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Humoral and cell mediated immunity   Rodent models: Induction of goblet cells and intestinal mastocytosis by IL-13 secreted by Th2 cells expulsion of worm from GI tract Human: Lack of cell activation in the mucosa no change in jejunal morphology. mast cells. different T cell subset numbers. eosinophils and goblet cells. BUT a decrease of mature macrophages and dividing enterocytes in the crypts of intestinal walls may preserve the architecture of mucosa and absence of immune mediated diarrhea .

survival) and adaptive immunity (IgM production by plasma cells) B cells: important role in subsequent challenge infections (increased parasite-spesific IgM) Specific IgE against filariform larvae: Protective role not clear. differentiation. maturation. maybe useful for immunodiagnosis? ADCC (IgE activation of eosinophils & IgG activation of neutrophils) in strongyloidiasis: not effective against larvae? .     IL-4: important regulator of IgE production & mast cell activation Il-5: innate immunity (induce eosinophil production.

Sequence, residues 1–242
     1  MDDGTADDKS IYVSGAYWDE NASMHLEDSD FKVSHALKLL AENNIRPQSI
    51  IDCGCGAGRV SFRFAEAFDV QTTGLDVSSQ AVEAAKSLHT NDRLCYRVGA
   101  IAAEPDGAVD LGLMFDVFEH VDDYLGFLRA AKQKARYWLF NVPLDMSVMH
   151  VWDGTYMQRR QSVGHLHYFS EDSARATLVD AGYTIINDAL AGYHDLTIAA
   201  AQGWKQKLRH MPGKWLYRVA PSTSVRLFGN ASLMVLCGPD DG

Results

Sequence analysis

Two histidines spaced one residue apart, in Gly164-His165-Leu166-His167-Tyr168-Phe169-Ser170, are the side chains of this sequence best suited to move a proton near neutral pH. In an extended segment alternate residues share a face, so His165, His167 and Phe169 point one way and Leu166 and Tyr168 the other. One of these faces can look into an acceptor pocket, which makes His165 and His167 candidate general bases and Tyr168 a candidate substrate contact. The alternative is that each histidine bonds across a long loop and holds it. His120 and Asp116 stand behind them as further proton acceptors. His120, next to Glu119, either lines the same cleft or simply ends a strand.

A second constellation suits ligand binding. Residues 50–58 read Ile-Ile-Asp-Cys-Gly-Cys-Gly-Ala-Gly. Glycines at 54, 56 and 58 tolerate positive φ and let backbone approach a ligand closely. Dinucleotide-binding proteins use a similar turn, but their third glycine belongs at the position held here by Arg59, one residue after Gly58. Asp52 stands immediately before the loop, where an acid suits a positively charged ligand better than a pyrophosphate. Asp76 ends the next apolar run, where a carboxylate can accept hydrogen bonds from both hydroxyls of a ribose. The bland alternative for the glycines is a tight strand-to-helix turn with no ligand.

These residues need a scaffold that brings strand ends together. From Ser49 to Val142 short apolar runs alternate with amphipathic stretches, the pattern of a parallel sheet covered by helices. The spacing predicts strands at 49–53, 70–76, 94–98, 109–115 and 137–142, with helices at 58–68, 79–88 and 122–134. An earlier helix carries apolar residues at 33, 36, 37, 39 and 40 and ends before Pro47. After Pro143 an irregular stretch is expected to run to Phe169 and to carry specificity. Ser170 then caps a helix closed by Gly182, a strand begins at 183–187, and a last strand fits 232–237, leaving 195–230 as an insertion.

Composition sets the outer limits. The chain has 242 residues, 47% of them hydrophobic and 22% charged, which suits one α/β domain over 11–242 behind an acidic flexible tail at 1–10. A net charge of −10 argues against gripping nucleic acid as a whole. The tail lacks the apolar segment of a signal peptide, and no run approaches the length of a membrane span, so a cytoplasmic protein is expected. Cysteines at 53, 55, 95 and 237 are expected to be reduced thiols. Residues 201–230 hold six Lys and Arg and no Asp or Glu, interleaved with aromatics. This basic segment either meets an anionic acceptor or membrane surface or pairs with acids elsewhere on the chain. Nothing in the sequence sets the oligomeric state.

IgG. IgM specific for primary infective filariform larvae is not effective against autoinfective filariform larvae (have different surface antigens) Eosinophils can cause destruction of helminth larvae esp. IgM. in disseminated infections .    Compared to asymtomatic or mildly symptomatic: lower levels of IgA.host-adopted filariform larvae. BUT not sufficient for complete protection Lower eosinophil counts in severe strongyloidiasis: suppression of eosinophils esp.

    Stool culture for larvae Serology test (ELISA) Albendazole Ivermectin – not registered for human use in Indonesia .

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 Transmission occurs by the fecal-oral spread of oocysts.  Fecal contamination of drinking water sources can serve as a vehicle for transmission of oocysts and is a subtantial public health concern Outbreak .

.  Oocyts lose infectivity when undergoing heat treatment above 65 0C pasteurization. sterilization for food. and therefore infectivity. Oocyts retain viability. under moist and cool conditions for several months. ozone or exposure to UV for water (chlorination is not effective).